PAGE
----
5.5.06

The division of the land to ensure a jewish majority is Zionism's lifeline

''Reiterating his campaign pledge to determine the country's borders in a fashion "significantly different from the territory currently held by Israel," Olmert stressed that anyone who believes in "complete equality of civil rights between Jews and Arabs must understand that a division of the land, with the goal of ensuring a Jewish majority, is Zionism's lifeline." Olmert also reiterated his pledge to retain the major settlement blocs, a statement that led a Hamas spokesman in the territories to say that "Olmert's clinging to the settlement blocs is a real declaration of war, and we will deal with it via all possible means."

13 comments:

Cosmic Duck said...

Olmert's plans reveal that zionism is an old-fashioned ideology in a globalising world. Such a world ought ideally to be without states and borders, and there ought to be equal rights for all citizens.

However, we do not live in such a world. Therefore a two-state solution seems to be the only one possible, but Olmert and Kadima want to determine terms unilaterally. That is clearly unacceptable to the Palestinians.

Sophia said...

Cosmic,

In Israel's view, there should be no solution. Zionism is racism as it was implemented and practiced since the beginning. Just look at some zionist comments in my previous posts (The White man's real estate). Clearly, these people dopn't want any solution for the problem, they want total hegemony and the dstruction of the Palestinian people.
I think the one state solution is a good one, it is based on human rights and it will ensure that the two states (if there would be any) are not going to be in war indefinitely or one of them opressing the other.

cosmic duck said...

I am doubtful about the one-state solution. The Palestinians are the underdog, and they'll be second-class citizens in such a state. If they have their own state they have greater chances of defending their own interests.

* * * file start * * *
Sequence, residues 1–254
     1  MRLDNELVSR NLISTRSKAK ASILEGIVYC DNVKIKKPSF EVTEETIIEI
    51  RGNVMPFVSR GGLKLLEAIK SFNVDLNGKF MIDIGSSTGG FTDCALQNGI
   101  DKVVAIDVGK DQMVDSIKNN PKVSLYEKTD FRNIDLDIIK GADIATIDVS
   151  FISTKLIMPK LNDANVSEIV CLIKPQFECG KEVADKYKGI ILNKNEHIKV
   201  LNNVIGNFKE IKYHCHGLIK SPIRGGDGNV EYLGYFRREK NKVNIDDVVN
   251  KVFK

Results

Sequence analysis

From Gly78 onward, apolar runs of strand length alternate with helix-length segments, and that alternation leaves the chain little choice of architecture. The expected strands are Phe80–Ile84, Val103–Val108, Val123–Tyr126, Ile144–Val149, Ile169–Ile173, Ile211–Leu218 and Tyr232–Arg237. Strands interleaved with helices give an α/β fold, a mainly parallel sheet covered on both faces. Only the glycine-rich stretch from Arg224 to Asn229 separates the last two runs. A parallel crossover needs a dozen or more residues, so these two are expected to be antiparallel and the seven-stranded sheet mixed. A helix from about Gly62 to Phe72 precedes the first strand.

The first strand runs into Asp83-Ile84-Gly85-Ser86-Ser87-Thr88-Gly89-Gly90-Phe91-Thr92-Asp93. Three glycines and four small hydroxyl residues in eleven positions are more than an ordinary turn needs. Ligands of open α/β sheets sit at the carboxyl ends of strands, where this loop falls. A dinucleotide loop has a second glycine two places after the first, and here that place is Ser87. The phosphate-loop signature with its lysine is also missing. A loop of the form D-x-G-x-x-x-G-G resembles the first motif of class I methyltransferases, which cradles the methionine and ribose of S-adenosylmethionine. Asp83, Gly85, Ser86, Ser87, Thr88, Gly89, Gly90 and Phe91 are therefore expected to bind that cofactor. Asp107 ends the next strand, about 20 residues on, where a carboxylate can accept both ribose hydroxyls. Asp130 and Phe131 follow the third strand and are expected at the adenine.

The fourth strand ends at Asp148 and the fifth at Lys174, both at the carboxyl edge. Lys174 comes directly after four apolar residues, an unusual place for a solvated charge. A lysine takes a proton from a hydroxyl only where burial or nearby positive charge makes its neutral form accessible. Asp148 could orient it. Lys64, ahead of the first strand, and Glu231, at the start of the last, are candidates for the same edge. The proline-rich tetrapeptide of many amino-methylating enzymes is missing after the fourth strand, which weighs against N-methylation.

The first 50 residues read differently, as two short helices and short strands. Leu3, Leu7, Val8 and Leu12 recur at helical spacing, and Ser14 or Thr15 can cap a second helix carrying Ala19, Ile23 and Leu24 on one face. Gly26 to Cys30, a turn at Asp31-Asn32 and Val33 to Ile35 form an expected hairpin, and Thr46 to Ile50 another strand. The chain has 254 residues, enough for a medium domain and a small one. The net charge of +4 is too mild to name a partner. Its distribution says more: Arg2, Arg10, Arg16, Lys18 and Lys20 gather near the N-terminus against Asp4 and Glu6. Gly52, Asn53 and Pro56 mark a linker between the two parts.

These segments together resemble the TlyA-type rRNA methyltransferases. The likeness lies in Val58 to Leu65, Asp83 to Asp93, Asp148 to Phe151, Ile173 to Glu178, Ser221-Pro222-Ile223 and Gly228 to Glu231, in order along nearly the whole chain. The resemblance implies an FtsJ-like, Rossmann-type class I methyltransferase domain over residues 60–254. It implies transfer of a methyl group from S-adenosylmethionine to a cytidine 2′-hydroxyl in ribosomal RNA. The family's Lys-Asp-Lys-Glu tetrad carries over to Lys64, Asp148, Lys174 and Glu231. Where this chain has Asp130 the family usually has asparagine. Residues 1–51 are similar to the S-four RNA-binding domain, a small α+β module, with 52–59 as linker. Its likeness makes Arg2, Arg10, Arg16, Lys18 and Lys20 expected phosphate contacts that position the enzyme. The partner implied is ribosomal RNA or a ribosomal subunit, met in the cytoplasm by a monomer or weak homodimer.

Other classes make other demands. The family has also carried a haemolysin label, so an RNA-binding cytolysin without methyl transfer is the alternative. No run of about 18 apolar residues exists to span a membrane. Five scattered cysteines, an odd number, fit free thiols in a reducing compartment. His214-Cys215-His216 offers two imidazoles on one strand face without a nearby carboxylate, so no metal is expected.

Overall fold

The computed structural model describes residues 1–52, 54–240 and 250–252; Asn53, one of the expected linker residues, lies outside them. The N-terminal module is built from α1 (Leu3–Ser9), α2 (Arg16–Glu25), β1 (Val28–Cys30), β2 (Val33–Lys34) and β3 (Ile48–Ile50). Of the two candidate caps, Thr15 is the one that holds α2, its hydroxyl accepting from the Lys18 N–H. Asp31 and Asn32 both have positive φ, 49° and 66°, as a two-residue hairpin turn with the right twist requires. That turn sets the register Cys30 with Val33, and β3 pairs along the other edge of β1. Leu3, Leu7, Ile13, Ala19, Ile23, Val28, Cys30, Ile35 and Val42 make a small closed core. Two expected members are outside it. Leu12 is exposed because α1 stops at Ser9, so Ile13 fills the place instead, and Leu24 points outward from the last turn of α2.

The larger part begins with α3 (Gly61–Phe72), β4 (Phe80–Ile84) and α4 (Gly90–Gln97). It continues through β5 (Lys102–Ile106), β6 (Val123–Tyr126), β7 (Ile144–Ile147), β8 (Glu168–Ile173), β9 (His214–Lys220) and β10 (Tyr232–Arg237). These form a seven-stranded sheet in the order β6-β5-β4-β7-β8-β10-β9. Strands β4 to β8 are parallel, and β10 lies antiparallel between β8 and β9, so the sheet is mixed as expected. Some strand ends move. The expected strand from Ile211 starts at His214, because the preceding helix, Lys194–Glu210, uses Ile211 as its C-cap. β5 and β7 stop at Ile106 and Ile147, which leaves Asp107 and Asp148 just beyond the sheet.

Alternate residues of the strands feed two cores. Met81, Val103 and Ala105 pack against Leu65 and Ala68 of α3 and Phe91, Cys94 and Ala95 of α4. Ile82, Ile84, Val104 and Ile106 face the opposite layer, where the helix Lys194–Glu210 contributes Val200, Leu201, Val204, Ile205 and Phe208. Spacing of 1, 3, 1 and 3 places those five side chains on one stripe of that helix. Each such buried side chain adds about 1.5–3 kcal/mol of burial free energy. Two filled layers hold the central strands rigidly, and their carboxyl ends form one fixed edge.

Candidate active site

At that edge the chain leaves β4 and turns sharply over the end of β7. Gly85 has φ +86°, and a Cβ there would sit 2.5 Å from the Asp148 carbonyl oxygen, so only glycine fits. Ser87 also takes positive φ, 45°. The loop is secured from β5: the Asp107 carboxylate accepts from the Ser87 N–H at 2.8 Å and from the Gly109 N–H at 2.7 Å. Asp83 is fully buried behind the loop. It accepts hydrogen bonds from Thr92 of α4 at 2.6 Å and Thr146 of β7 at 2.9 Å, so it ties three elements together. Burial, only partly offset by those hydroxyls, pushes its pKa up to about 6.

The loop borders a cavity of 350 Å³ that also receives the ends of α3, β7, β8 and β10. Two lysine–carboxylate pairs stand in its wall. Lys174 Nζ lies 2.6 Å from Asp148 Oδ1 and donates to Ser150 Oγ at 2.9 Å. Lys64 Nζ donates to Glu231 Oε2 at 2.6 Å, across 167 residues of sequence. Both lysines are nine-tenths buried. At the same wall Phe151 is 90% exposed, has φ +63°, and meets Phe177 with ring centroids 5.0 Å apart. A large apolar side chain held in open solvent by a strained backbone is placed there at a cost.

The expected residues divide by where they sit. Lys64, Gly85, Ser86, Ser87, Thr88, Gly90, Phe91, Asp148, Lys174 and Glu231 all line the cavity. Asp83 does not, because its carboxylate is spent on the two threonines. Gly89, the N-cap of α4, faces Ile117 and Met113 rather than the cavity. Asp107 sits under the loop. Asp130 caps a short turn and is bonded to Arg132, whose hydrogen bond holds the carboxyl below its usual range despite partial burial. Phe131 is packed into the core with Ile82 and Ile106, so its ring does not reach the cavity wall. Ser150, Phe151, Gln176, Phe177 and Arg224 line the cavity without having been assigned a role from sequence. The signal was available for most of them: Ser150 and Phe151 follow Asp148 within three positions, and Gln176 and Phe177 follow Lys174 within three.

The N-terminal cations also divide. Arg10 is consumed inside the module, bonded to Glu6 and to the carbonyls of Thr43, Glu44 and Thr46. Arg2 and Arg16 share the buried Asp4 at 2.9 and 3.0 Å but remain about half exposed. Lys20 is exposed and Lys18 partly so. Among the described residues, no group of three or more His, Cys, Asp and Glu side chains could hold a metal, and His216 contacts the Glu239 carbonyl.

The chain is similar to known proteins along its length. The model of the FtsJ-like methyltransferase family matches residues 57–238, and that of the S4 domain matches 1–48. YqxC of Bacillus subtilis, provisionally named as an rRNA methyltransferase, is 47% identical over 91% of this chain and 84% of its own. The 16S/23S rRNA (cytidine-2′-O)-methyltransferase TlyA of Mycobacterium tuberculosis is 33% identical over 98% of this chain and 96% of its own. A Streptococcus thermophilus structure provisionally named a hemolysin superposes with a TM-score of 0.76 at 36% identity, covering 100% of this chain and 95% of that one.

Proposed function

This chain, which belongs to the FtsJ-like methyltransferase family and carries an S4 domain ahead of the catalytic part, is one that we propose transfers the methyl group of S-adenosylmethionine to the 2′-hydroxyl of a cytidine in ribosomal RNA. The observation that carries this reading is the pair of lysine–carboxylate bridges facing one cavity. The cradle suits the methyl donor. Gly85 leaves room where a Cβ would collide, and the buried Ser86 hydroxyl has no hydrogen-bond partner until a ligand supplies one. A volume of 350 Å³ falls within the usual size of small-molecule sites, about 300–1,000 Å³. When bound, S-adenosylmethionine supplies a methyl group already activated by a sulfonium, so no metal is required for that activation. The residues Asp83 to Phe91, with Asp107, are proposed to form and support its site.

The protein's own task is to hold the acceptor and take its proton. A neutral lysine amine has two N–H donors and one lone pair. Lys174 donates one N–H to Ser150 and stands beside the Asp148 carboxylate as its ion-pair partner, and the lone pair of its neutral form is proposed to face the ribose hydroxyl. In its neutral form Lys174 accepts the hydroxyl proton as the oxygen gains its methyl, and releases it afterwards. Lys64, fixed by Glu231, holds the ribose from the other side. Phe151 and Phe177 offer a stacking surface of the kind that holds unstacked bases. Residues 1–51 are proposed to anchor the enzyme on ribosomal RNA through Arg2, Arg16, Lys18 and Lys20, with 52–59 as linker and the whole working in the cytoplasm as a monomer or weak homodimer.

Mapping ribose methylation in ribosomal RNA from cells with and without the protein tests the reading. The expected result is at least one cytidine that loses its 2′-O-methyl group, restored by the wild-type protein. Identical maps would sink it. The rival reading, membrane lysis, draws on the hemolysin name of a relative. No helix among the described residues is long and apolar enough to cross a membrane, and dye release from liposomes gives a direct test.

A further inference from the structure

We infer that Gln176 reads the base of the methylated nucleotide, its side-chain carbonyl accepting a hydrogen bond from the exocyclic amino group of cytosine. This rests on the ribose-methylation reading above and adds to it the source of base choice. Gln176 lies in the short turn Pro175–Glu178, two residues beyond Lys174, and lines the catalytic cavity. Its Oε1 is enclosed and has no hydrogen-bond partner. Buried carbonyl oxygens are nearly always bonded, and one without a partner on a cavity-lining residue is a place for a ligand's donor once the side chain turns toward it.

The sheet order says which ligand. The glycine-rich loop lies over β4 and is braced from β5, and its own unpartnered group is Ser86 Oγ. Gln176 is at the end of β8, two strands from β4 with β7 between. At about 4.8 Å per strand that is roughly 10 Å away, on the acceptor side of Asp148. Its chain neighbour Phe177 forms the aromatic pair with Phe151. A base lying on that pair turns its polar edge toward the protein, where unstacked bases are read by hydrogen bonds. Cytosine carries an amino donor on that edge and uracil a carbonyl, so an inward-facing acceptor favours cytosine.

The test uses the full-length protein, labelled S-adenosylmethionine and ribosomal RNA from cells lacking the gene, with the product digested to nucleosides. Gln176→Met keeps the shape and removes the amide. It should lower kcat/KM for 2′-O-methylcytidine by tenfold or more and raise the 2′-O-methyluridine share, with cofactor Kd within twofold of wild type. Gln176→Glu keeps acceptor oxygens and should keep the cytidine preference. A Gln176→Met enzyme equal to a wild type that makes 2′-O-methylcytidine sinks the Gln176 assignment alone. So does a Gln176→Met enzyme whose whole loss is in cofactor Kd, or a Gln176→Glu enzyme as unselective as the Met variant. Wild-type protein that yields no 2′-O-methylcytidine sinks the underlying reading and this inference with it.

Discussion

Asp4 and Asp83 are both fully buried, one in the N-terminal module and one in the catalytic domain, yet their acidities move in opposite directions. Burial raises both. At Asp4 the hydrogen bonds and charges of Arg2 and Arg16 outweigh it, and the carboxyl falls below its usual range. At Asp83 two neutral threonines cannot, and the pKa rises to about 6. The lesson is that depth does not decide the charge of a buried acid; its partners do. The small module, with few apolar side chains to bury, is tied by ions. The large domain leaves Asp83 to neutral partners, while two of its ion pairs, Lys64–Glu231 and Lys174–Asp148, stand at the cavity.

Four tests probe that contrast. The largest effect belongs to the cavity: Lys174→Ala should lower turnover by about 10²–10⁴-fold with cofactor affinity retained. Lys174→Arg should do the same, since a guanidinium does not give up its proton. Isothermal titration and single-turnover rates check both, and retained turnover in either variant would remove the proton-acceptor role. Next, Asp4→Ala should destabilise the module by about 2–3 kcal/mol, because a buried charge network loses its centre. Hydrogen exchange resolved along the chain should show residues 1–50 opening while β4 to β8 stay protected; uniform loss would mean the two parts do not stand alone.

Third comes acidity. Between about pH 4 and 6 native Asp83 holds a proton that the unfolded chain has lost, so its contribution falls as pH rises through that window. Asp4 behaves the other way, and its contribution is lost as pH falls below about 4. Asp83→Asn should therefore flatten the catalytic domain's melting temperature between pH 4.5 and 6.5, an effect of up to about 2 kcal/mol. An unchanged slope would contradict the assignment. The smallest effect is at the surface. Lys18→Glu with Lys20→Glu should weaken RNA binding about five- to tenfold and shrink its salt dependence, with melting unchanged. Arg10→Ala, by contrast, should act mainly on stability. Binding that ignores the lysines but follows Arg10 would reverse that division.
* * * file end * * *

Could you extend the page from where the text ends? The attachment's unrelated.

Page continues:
Sophia said...

Cosmic,
I think that it is better to be second class citizen than to live without a country and on the fringe of humanity. At least there you have the chance to fight for your rights without being labeled as a terrorist. Israel made sure, specially after the oslo process that no viable Palestinian state will come to exist in the near future.

Oleh Yahshan said...

sophia,
how would this new one state solution work in your eyes?? i ask this in all seriousness.
How does it's parliment run? what would it's education have in it? How would the military work?? What would you do about immegration??

It's a very different concept from everything else I hear - and I really want to know how your idea would solve the Issues that exist now, and the ones I present above

Sophia said...

Oleh,

I think the one state solution will be the easiest one to implement and it takes all actors of the state and the civil society, including people like you, to draw up such a solution. However, time is money and I have to work to earn my living right now but if the Israeli governement and the Israeli society decide to go for such a solution I will be happy to contribute theoretically and practically.

Cheers

Gert said...

Cosmic Duck and Sophia:

I am doubtful about the one-state solution. The Palestinians are the underdog, and they'll be second-class citizens in such a state.

That's what I believe will happen: Palestinians would have really hard time obtaining equal rights in this one-state solution.

At least there you have the chance to fight for your rights without being labeled as a terrorist. Israel made sure, specially after the oslo process that no viable Palestinian state will come to exist in the near future.

As many Palestinians wouldn't accept to be integrated into a Jewish dominated one state, that would cause plenty of resistance activity (terrorism) from within. Jewish proposals for a one-state solution often envisage deportation of any violent, "anti-Zionist" Palestinians, opening the door for the arbitrary removal of any "trouble makers", this is a recipe for disaster. Israel will never relinquish its ambition to be a Jewish state, first and foremost.

The convergence plan has at least the merit of recognising the need to withdraw from most West Bank settlements, which brings closer the prospect of the creation of a Palestinian state.

I believe, sadly, that segregation of the two peoples into a bi-national solution is the only possibility for some kind of peace.

The bi-national solution isn't an easy one: creating territorial contiguity for the Palestinian state, without disrupting Israeli contiguity, is just one of the problems that were discussed in Oslo. Your assertion "Israel made sure..." doesn't do justice to the fact that intransigence existed on both sides.

Cosmic Duck said...